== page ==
History of Agriculture
In the beginning of human history, and for many years that followed, humans were hunter-gatherers, which means they hunted animals for survival and gathered food from existing plants. People lived a nomadic lifestyle, moving from place to place throughout the year, following the food supply during the changing seasons.
However, as the ice age and glaciers covering part of the earth began to melt and retreat, plant life patterns and the areas where growth of plants changed as well. The humans would not need to travel as often because there were plants available for their food supply. The hunter-gatherer societies began to learn about the crops which grew at the different times and places each year.
They could now stay in one place for several years to take advantage of the food sources and cordon off wild crop areas that had the most abundant resources. Most likely, when moving, they would also take herds of livestock using them for milk, meat, fur, and other resources. The food they stored would often need to last for the next season.
The origin of farming dates to around 10,000 years ago somewhere in the Indus Valley, part of the northwestern region of South Asia. A separate development may have taken place in China along the Yangtze River. Humans first domesticated crops and later livestock.
During early civilization, around 5,000 BC, agricultural science and technology was further developed. The Sumerian civilization of the Middle East and other early civilizations knew there was a need for a specialized agricultural workforce for the survival of societies. During this period, irrigation systems were developed, used as a system for watering plants. The focus on agriculture led to the development of the first cities.
The first cities then led to other aspects of society, such as the first written laws, religious practices, social attitudes, and legal codes. Complex societies, like Ancient Egypt, arose before the rise of the Greek civilization, and it was due to their agricultural system.
In Egypt, the Nile River relied heavily on the seasons throughout each year. The river flooded its banks and part of the surrounding countryside, which was called The Inundation. Nearly all aspects of life in Egypt centered around the Nile River, especially their religious structure. The river was life-giving in a small area of the country because Egypt was mostly a desert region.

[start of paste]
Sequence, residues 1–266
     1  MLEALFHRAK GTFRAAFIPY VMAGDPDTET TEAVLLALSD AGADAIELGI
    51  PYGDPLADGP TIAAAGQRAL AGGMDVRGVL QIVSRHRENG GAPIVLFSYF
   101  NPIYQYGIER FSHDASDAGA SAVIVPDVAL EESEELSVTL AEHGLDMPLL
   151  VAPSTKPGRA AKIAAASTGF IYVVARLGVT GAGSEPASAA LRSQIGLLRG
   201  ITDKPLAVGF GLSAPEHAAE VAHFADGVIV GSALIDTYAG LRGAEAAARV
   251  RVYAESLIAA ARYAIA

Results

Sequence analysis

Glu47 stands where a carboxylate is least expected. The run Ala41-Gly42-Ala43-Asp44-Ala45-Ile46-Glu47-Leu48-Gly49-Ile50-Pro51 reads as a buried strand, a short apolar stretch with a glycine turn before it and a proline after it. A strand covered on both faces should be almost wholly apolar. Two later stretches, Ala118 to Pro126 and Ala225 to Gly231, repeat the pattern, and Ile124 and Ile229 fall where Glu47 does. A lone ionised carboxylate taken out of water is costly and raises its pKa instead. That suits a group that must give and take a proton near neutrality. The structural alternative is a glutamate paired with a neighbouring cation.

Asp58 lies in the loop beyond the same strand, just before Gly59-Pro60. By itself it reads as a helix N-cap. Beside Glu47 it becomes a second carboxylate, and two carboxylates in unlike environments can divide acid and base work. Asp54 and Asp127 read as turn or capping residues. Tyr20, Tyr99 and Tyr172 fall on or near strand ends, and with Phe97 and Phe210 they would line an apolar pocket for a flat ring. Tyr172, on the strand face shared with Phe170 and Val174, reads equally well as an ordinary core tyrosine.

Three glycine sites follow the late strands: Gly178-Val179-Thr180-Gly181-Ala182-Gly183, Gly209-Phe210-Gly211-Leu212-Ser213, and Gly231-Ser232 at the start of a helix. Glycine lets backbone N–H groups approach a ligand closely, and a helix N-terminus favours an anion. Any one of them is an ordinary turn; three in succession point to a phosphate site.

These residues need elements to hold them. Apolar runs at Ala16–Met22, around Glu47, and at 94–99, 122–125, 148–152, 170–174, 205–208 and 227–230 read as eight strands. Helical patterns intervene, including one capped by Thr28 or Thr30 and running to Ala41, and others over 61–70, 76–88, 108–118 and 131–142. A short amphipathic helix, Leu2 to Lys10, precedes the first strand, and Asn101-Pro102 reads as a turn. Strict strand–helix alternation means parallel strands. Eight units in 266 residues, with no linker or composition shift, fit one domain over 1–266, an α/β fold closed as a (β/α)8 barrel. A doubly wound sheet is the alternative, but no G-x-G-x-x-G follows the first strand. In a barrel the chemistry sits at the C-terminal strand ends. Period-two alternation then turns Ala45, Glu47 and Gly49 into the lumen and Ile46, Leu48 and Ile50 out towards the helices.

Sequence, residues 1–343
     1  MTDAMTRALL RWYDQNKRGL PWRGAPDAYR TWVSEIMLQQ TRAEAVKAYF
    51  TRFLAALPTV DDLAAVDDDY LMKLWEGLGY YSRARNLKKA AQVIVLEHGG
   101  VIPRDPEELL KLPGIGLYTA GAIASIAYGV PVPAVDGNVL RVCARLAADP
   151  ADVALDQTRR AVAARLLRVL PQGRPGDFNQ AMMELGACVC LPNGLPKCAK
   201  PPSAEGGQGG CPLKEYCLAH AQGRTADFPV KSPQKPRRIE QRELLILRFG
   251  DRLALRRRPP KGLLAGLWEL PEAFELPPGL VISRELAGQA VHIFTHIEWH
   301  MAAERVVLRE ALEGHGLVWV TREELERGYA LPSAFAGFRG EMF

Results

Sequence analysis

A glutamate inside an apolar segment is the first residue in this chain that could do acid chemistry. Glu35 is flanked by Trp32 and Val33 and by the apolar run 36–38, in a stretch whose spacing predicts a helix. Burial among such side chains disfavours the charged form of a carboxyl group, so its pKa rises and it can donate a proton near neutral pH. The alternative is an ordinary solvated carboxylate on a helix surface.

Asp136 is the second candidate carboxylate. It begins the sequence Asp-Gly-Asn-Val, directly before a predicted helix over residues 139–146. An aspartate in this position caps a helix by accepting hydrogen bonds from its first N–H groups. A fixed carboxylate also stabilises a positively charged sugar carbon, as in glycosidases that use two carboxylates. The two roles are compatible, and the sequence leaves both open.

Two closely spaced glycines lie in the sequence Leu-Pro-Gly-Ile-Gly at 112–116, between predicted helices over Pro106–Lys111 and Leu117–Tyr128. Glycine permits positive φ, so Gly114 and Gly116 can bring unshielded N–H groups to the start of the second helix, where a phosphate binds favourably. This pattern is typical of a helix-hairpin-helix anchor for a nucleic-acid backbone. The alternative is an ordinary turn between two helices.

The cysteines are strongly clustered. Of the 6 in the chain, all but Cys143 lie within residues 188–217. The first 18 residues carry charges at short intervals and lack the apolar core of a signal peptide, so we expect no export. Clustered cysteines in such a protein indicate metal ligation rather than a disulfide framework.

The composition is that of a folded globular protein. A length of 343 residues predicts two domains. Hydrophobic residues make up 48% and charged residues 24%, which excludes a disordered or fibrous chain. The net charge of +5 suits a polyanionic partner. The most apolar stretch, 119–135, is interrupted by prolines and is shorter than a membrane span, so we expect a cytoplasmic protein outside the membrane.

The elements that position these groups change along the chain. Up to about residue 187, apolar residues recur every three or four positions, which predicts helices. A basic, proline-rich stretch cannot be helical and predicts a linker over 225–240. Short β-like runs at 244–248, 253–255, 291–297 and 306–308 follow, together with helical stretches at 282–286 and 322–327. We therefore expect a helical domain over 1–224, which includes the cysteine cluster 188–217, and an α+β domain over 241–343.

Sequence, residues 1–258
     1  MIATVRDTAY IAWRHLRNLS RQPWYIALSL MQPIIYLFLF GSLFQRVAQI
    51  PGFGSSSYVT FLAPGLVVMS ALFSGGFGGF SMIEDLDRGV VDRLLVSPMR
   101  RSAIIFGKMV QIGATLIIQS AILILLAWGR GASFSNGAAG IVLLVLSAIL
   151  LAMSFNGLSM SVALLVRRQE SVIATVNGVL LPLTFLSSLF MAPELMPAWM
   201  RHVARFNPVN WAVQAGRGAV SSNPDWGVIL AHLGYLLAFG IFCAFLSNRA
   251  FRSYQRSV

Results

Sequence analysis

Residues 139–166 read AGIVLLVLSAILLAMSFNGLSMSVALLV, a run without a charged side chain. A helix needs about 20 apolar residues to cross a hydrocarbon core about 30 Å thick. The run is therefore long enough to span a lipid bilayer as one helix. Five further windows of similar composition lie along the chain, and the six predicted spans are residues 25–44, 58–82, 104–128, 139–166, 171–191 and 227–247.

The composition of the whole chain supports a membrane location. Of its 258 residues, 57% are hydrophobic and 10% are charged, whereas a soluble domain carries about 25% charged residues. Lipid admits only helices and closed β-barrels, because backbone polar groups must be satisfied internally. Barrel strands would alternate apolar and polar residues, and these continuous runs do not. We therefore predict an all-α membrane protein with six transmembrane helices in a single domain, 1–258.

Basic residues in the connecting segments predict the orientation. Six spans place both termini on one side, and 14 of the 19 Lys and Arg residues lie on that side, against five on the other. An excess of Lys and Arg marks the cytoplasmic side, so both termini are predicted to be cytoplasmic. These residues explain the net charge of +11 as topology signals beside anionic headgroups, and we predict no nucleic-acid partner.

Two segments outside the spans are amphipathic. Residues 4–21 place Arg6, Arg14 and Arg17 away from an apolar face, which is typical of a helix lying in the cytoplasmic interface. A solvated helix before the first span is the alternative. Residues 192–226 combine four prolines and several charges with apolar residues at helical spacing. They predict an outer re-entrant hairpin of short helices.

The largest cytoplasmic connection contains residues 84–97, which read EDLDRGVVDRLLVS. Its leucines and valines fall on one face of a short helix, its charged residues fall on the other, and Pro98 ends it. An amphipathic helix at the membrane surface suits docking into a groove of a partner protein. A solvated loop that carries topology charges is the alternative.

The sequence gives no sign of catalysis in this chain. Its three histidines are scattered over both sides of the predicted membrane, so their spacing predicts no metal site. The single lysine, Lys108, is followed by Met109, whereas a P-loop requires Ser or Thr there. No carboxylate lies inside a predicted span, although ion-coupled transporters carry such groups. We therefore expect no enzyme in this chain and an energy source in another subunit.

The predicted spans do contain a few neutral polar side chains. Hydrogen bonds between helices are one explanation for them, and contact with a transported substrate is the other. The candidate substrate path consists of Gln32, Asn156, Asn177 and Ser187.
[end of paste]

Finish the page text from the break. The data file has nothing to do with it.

The Romans and Greeks borrowed much of their agricultural knowledge from the civilizations they had contact, such as those of the ancient Near East such as Mesopotamia, but through the Sumerians. Large-scale animal and plant agriculture began in the Roman Republic. It became more efficient and could sustain the empire's large cities. It became a necessary industry for human survival.
The innovation continued between early and modern civilization. The Arab Agricultural Revolution began due to the diversity of local topographies (landscapes). Crops were grown in the Middle East and Indus Valley and was desired by European societies. It later acted as a trade bridge between the Far East and Europe.
Europe's agricultural history began during the 11th century when the Church became major landholders. Technological advances also took place such as cross-breeding in animal livestock, and other systems of organization. Various remnants of the agricultural systems have been found in Europe. The final modern agricultural development began in the 16th century when crop rotation was begun, where increased yields of crops would take place by switching land use every year. The method was perfected during the 16th century.
Finally, in America, modern agricultural practices were not present until the arrival of European colonists, though the Native Americans did have some limited agricultural practices, but it was not the same across all tribes. It most likely began between 2500 and 2000 BC.
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